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The efficiency of a computer program is an indication of how far it maximizes speed and minimizes memory usage. In a raytracer, speed is achieved through well-designed program structure and elimination of needless or repetitive intersection testing, as well as by making certain approximations. An example of an efficiency scheme is the Bounding Volume Hierarchy (BVH). Memory usage is reduced largely through good design, rapid freeing of unused space, and efficient data structures.

An ellipsoid is the 3-D equivalent of an ellipse. Just as an ellipse looks like a squashed circle, an ellipsoid looks like a squashed sphere. An ellipsoid is a quadric: its equation in the standard form when centered at the origin is

The quantities a, b and c may be thought of as "radii" of the ellipsoid in different directions. The ellipsoid is bounded by the box having the points (-a, -b, -c) and (a, b, c) at opposite ends of a diagonal. A sphere is a special case of an ellipsoid with a = b = c = radius.

Raytracers have to deal with the finite precision of computer calculations. Let us consider a situation in which a ray hits an object and is reflected. We have to find the nearest object intersected by the reflected ray. Now it is perfectly possible that this ray goes and hits another part of the same object. Therefore this object must also be tested. Since the origin of the reflected ray lies on the surface of the object, there will be an intersection point at zero distance. If computers had infinite precision, we would indeed get 0 as one of the distances and we could safely ignore it. But this is not the case. There will almost always be a small error in the distance. Thus the position of the point of reflection will be slightly different from the ideal value, and the distance that should be 0 will more likely be some small quantity like 0.000001 (even if the point of reflection is ideally positioned). Yet we know that this result must be omitted. To handle this case, raytracers use a small value known as an "epsilon". All intersection distances less than the epsilon value are ignored. A good raytracer tries to make its epsilon setting as small as possible by reducing chances of numerical error, so that small details near the surface are not missed out.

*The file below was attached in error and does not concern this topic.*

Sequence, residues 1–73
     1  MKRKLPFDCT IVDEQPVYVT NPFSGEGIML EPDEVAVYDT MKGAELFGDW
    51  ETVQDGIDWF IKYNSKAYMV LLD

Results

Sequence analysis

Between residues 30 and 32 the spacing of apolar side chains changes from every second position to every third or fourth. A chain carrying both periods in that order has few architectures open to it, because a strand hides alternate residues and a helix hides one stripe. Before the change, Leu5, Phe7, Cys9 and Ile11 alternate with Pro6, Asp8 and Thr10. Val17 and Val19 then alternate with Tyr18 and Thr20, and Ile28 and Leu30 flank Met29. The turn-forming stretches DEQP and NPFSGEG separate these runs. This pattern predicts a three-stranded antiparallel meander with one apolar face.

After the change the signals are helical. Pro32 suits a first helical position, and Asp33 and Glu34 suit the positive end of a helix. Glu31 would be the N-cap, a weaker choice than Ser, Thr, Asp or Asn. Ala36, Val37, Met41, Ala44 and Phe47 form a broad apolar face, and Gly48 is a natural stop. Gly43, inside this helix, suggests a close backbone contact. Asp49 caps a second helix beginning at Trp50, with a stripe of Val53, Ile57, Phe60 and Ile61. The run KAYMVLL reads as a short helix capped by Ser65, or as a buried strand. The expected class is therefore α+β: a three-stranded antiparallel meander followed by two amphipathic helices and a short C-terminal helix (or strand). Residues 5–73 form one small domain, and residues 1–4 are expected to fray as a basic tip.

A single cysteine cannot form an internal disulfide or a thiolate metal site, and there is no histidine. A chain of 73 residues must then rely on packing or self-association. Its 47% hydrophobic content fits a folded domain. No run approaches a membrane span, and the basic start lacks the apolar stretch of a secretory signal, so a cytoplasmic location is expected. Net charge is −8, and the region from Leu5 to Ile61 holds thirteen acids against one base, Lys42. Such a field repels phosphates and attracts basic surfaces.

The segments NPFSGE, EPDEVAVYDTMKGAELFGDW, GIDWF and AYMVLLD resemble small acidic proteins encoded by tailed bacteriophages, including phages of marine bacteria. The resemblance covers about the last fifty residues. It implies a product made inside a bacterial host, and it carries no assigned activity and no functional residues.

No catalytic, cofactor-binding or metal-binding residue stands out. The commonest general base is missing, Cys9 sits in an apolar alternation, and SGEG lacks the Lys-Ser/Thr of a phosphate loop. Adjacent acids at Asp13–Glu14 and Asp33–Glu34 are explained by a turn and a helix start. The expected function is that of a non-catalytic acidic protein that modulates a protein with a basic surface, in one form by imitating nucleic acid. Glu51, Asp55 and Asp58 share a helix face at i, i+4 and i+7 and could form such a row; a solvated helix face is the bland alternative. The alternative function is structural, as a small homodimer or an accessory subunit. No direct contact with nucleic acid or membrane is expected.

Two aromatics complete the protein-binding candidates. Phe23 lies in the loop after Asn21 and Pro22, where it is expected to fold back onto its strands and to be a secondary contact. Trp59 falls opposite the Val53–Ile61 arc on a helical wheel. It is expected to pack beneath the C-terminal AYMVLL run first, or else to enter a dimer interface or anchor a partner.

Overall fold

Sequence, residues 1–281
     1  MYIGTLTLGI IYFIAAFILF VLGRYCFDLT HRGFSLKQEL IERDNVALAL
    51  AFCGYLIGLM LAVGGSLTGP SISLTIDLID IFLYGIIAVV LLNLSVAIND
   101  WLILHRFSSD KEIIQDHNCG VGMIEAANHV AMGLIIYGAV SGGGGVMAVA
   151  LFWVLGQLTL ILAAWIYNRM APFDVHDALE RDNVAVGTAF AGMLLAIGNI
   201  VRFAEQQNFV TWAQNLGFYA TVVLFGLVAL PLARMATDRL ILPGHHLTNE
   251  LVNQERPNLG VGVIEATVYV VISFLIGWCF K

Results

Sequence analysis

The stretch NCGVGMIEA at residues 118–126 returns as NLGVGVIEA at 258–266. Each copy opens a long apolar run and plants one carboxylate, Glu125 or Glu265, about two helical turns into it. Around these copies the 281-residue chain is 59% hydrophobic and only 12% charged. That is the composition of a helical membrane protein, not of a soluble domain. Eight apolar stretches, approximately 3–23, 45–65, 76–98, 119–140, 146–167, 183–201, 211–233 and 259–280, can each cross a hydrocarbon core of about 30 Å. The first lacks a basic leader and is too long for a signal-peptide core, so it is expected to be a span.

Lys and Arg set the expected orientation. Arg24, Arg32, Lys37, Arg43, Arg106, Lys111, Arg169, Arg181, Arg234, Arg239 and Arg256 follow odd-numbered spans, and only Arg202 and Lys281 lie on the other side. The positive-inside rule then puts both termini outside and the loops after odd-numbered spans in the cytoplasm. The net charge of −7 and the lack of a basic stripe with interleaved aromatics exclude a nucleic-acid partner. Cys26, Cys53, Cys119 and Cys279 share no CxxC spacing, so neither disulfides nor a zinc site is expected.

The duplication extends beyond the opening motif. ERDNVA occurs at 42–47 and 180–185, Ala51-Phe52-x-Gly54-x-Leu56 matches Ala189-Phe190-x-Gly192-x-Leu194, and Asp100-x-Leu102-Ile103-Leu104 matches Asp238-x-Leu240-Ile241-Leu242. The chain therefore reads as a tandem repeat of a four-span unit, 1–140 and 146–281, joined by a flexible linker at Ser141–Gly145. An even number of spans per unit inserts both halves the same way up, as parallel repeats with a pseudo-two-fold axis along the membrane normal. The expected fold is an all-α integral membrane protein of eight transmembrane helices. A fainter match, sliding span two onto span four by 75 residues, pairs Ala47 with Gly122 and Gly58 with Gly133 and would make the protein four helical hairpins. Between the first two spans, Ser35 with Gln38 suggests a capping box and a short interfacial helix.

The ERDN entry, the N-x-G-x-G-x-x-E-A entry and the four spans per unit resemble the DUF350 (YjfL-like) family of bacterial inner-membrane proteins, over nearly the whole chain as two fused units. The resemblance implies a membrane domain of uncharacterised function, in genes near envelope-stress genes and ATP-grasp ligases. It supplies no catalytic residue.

In simple terms, an equation states that two quantities are equal. For instance,

2 + 2 = 4

is an equation. Equations are useful when they contain variable terms such as x, y, z. For example, a quadratic (2nd degree) equation may be written as

ax^2 + bx + c = 0

where a, b and c are constants. Finding values of the variable terms such that the relation is satisfied is called "solving the equation": the values thus found are called "roots" of the equation. An equation may represent a locus, i.e. a path or a shape. For instance, the points (x, y) which satisfy the equation

x^2 + y^2 = R^2

lie on a circle in the 2-dimensional Cartesian coordinate system.

Equations provide a convenient and compact way of storing object shapes. Also, ray-intersection calculations are easiest when a shape is specified as the set of points satisfying an equation of the coordinate variables. The usual way of solving for the intersection distance s of a ray **P** + s * **U** (**P** is ray origin, **U** is direction vector) with an object F(x, y, z) = 0 is to write the equation of the object as

F(Px + s * Ux, Py + s * Uy, Pz + s * Uz) = 0

(where Px, Py, Pz and Ux, Uy, Uz are the components of **P** and **U** along the xyz coordinate axes) and then solve for s.